Forget the four food groups (circa 1956). Forget the food pyramids (so 1992). Today’s nutrition advice is served on a plate.

The U.S. Department of Agriculture recently updated the icon that translates the agency’s Dietary Guidelines for Americans into an easy-to-understand visual. Called MyPlate, the new graphic recommends that we base our meals on vegetables and grains with lesser portions of fruits and protein and a side of dairy.

MyPlate represents an upgrade from past USDA efforts, but it still falls short in the eyes of some nutrition experts.

“It’s a huge improvement over the pyramid because at least now it’s a plate that people can relate to,” said Joan Lavery-McLaughlin, a nutritionist at The Wellness Solution in Falmouth and an oncology dietitian at Mercy Hospital. “But certainly they could do better.”

Susan Fekety, a registered nurse and nutrition counselor at True North Health Center in Falmouth, agreed with that assessment.

“It’s definitely better then the pyramid,” Fekety said. “I think it’s more sensible for people to use, and it has the portions a little better.”

One of the main complaints about MyPlate (and its predecessors) stems from the fact that the USDA operates under a conflicted mission. On one hand, it’s charged with helping Americans eat better. On the other, it’s responsible for promoting and subsidizing agricultural products.

Too often, the commodity crops that the USDA subsidizes and promotes become highly processed grocery store products and such quasi-foods as high-fructose corn syrup and partially hydrogenated vegetable oil (commonly known as trans fat).

“MyPlate really reflects the connection to the agriculture industry and the subsidies,” Fekety said. “The USDA’s reason for being is not, unfortunately, healthfulness. Its reason for being is the support of these agribusinesses. Which is unfortunate, because this is the information that gets propagated into the schools and to dietitians.”

In response to this conflict, the Harvard School of Public Health and the Physicians Committee for Responsible Medicine have produced their own plates.

Harvard calls its version the Healthy Eating Plate, and on first glance, it looks relatively similar to the USDA’s MyPlate.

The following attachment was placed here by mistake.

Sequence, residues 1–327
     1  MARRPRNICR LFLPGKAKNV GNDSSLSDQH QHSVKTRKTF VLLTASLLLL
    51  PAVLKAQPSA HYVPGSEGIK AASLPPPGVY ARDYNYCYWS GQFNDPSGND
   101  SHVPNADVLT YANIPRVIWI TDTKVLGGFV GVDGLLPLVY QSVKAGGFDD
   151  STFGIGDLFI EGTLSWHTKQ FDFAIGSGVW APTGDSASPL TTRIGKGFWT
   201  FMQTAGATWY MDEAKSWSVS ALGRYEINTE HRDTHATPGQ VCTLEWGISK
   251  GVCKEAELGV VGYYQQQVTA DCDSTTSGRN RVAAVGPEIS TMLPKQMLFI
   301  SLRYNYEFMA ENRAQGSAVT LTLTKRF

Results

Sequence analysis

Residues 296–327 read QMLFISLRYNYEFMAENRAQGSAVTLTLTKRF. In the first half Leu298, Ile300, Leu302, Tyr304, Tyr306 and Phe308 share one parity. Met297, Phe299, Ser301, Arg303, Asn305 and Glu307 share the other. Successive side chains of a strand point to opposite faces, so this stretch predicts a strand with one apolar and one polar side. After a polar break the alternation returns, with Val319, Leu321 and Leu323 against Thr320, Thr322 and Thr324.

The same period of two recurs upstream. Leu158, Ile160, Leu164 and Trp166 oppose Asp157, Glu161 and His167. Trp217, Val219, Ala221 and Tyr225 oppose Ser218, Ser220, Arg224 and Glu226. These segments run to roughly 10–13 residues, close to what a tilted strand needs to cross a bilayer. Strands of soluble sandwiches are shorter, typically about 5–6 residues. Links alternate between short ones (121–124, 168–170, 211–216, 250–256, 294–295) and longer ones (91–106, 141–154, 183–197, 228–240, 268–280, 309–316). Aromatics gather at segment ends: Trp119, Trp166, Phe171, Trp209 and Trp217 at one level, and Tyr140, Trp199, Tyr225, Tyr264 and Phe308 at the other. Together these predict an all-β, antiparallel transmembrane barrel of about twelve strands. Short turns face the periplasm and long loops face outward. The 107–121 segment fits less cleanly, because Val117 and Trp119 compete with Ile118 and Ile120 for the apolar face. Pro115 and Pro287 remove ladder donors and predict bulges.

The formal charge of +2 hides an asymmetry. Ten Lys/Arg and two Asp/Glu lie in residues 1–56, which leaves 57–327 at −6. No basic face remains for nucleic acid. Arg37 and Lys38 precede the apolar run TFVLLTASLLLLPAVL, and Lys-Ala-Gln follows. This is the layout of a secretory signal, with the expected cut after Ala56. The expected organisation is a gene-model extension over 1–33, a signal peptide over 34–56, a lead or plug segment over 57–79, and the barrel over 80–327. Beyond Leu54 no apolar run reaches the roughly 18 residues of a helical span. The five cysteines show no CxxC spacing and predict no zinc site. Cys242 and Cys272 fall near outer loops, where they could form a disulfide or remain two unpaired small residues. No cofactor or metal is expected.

However, one of the biggest differences is that instead of recommending a glass of milk at each meal, the Harvard guide recommends water. It also calls attention to better-for-you oils by recommending olive and canola oils, a limited amount of butter and avoidance of trans fats. Lavery-McLaughlin said she prefers this plate over the USDA’s option.

The Harvard guide says to limit milk and juice consumption and stay away from sugary drinks. While the USDA plate recommends eating grains every day, the Harvard plate goes further and recommends whole grains and only a limited amount of refined grains, such as white flour or white rice.

When it comes to the protein quadrant, the Harvard plate promotes fish, poultry, beans and nuts while advocating for limited red meat consumption and avoidance of bacon, cold cuts and other processed meats.

In a prepared statement, epidemiology and nutrition professor Walter Willett, who chairs the nutrition department at the Harvard School of Public Health, said, “Unfortunately, like the earlier U.S. Department of Agriculture pyramids, MyPlate mixes science with the influence of powerful agricultural interests, which is not the recipe for healthy eating.

“The Healthy Eating Plate is based on the best available scientific evidence and provides consumers with the information they need to make choices that can profoundly affect our health and well being.”

The Physicians Committee for Responsible Medicine, which is headed by Dr. Neal D. Barnard, introduced its vegetarian Power Plate more than a year ago. The group lobbied the USDA to adopt the Power Plate in place of the former MyPyramid.

Of the three, the Power Plate is the most simple. It divides the plate into four equal sections that represent grains, vegetables, legumes and fruits. It is the only plate that doesn’t recommend consumption of meat, eggs or dairy products.

The plate’s vegetarian composition is consistent with the nonprofit’s advocacy of plant-based diets as a way to prevent and reverse chronic diseases such as obesity, diabetes and cancer.

“Americans are getting fatter and sicker by the day,” Barnard said in a prepared statement. “If we’re going to beat this national crisis, the federal government must offer straightforward, accurate advice on the power of vegetarian foods to fight obesity. Our Power Plate offers lifesaving advice, and it is simple enough for a child to follow.”

Still, neither Fekety nor Lavery-McLaughlin view any of the plates as perfect.

“One shortcoming is they don’t tell you what size plate to use,” Lavery-McLaughlin said.

In her own practice, Lavery-McLaughlin recommends 9-inch plates for women and children and 10- to 12-inch plates for men and people who are really active.

She counsels her patients to eat a portion of protein equal to the size of their fist (people with bigger hands typically need more calories) and to eat a serving of grains equal to the size of their palm.

“All of these plates share a common flaw in that they’re trying to be useful to everyone, but that’s not possible because we’re all so biochemically different,” Fekety said.

As Lavery-McLaughlin pointed out, author Michael Pollan has it right with his advice to eat unprocessed, whole foods.

Or as Pollan said: “Eat food. Not too much. Mostly plants.”

Staff Writer Avery Yale Kamila can be contacted at 791-6297 or at: [email protected]

Twitter: AveryYaleKamila